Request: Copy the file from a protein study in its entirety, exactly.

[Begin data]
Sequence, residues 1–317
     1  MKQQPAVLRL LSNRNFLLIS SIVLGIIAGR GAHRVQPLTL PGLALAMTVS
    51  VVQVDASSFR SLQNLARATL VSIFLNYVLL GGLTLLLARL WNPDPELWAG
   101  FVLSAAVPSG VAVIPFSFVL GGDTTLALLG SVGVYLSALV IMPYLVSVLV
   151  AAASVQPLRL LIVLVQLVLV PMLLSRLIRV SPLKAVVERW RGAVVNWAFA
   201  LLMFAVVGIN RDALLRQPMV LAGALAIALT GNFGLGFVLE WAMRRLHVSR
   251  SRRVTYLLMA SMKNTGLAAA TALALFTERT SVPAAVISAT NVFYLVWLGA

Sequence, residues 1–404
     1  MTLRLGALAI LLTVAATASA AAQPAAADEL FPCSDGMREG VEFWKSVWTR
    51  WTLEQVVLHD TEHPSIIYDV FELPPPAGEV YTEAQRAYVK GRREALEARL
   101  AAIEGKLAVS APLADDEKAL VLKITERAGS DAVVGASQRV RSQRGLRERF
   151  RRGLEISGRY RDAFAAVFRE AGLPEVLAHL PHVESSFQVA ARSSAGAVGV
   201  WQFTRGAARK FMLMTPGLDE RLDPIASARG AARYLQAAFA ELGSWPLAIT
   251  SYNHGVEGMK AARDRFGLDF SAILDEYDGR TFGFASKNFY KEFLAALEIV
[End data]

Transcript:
Sequence, residues 1–317
     1  MKQQPAVLRL LSNRNFLLIS SIVLGIIAGR GAHRVQPLTL PGLALAMTVS
    51  VVQVDASSFR SLQNLARATL VSIFLNYVLL GGLTLLLARL WNPDPELWAG
   101  FVLSAAVPSG VAVIPFSFVL GGDTTLALLG SVGVYLSALV IMPYLVSVLV
   151  AAASVQPLRL LIVLVQLVLV PMLLSRLIRV SPLKAVVERW RGAVVNWAFA
   201  LLMFAVVGIN RDALLRQPMV LAGALAIALT GNFGLGFVLE WAMRRLHVSR
   251  SRRVTYLLMA SMKNTGLAAA TALALFTERT SVPAAVISAT NVFYLVWLGA

Sequence, residues 1–404
     1  MTLRLGALAI LLTVAATASA AAQPAAADEL FPCSDGMREG VEFWKSVWTR
    51  WTLEQVVLHD TEHPSIIYDV FELPPPAGEV YTEAQRAYVK GRREALEARL
   101  AAIEGKLAVS APLADDEKAL VLKITERAGS DAVVGASQRV RSQRGLRERF
   151  RRGLEISGRY RDAFAAVFRE AGLPEVLAHL PHVESSFQVA ARSSAGAVGV
   201  WQFTRGAARK FMLMTPGLDE RLDPIASARG AARYLQAAFA ELGSWPLAIT
   251  SYNHGVEGMK AARDRFGLDF SAILDEYDGR TFGFASKNFY KEFLAALEIV